Hello, dear readers! Today I’d like to introduce you to Leandra Vane, a queer disabled erotica author!
Hello, Leandra, and welcome to the blog! Tell us a little bit about yourself!
Writing has always been a part of my life. But this era began when I started blogging in 2013 as The Unlaced Librarian, reviewing non-fiction sexuality books and writing about my experiences with sex and disability, open relationships, and kink. I have since self-published a couple non-fiction sexuality books and my erotic romance has been both traditionally and self-published. I’m focusing more on my fiction writing, though I continue to blog and do some sex education speaking every once in a while.
What is your favorite description of your books?
Though it is a broad description, I’ve had a few people describe my writing as “realistic” and even as an erotic romance writer, I take that as a compliment. My personal goal in life is to sew reality with fantasy in ways that help us cope with the hardships of life in healthy ways, and to explore taboo or fantastic thoughts in ways that can make our reality better. Even if I have zombies or ghosts in my stories, I want there to be ties to real world struggles and the emotions we experience in our everyday lives.
What is one of your biggest strengths in writing?
I am still learning and growing, but I feel having a sense of place is really important and something I always bring into my work. I set most of my stories in the Midwest and I feel a real connection to the history and themes of this place I call home. I feel it gives my characters more complexity, being in touch with where they were grown, if that makes sense. And small town politics can be hilarious or heartbreaking. I enjoy exploring that.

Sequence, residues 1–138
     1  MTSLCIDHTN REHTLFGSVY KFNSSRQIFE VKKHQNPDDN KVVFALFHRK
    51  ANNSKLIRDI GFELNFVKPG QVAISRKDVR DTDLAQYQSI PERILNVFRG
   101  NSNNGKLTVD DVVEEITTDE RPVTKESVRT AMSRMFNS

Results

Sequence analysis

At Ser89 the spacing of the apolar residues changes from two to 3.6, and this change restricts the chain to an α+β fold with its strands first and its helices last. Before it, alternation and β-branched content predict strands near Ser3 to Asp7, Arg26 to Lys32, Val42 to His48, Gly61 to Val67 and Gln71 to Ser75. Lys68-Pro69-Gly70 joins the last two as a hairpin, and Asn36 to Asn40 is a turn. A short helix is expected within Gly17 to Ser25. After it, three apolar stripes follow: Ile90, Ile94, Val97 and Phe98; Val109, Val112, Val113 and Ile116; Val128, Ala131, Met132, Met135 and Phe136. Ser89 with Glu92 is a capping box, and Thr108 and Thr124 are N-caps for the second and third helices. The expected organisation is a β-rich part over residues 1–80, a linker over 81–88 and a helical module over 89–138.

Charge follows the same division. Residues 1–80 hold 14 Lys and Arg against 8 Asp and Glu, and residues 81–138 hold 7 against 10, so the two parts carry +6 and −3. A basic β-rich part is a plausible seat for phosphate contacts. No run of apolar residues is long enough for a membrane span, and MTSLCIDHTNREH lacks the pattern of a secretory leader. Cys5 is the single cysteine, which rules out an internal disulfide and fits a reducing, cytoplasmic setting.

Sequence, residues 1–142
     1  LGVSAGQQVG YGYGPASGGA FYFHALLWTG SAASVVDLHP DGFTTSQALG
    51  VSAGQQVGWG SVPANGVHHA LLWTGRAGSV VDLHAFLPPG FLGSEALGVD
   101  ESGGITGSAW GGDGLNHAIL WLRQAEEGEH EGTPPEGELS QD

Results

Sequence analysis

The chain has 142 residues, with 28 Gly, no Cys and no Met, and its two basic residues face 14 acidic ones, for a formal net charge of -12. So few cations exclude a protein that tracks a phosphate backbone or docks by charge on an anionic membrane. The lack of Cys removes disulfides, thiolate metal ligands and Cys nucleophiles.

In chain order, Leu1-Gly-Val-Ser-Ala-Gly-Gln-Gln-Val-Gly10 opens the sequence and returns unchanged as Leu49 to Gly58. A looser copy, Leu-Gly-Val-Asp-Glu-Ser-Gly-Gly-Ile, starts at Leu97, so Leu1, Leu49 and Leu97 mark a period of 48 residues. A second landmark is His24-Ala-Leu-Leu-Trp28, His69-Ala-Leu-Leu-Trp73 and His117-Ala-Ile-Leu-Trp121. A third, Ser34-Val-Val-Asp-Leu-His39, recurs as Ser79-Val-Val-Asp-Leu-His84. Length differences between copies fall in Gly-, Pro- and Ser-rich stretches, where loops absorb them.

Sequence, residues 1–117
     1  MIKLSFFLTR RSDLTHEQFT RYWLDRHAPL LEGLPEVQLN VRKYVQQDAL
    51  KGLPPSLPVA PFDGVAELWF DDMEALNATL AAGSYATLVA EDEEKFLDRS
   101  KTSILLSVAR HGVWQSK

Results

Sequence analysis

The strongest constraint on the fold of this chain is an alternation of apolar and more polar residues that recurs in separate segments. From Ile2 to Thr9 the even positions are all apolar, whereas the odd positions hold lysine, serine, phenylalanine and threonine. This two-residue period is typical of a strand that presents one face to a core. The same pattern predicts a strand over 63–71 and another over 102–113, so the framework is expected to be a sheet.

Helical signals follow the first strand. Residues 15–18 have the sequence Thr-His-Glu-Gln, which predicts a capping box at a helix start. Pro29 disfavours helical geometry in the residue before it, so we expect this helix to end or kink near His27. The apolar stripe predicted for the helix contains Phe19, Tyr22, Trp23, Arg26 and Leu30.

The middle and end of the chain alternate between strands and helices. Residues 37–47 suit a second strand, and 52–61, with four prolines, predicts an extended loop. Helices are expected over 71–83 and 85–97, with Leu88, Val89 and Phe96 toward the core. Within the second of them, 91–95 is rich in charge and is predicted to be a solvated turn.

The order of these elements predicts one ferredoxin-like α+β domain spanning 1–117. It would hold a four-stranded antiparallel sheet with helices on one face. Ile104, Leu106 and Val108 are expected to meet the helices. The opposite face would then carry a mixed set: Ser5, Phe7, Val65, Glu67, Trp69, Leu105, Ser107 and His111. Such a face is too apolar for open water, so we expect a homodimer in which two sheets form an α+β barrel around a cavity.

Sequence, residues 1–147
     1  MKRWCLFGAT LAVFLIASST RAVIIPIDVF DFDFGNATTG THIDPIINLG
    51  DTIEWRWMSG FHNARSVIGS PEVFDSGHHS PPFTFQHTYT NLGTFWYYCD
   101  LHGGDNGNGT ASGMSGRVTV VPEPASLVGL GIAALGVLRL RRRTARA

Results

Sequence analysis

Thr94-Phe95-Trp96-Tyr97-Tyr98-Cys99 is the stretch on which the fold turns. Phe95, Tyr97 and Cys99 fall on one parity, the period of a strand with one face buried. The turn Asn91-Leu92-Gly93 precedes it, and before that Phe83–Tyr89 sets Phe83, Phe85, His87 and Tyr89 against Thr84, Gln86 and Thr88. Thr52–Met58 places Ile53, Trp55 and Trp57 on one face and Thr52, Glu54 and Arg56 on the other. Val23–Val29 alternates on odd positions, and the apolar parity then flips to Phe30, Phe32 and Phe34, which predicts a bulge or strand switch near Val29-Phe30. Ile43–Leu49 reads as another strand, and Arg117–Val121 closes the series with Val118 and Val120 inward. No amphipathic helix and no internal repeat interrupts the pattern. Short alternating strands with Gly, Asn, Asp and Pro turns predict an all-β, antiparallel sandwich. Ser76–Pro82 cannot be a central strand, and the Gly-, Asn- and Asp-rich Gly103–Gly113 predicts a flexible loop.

What was your last five star read? What made it a five star read?
I’m reading a lot of non-fiction right now. I gave five stars to “Write Naked: A Bestseller’s Secrets to Writing Romance & Navigating the Path to Success” by Jennifer Probst. I thought there was a lot of good advice, down-to-earth philosophy, and helpful tips. I’m always so disappointed when I read a bad writing book, but this one has a permanent home on my bookshelf!
Is your writing process the same for each book? What differences did you notice in each book?
In general, my process is the same. I handwrite a majority of my first draft, put things together in the word processor, and then do a bulk of my editing and polishing line by line. I also keep outlines on paper that I update as books go along. I usually end up with four or five outlines and the final usually looks a lot different than the first, a good sign that the story has unfolded organically. But every book is different. I love exploring different themes and conflicts. I love recovering snippets of emotions or glimpses from my life that I can add to my stories. I love having a song on repeat that gives me the vibe I want to convey in my writing. Every book is something new and different.
What’s the first book you remember falling in love with?
“The Wonderful Wizard of Oz” The children’s department at my local library had the Oz series in hardbacks. I remember the canvas covers were so worn you had to open the books to see the titles. I checked out the first book over and over and over.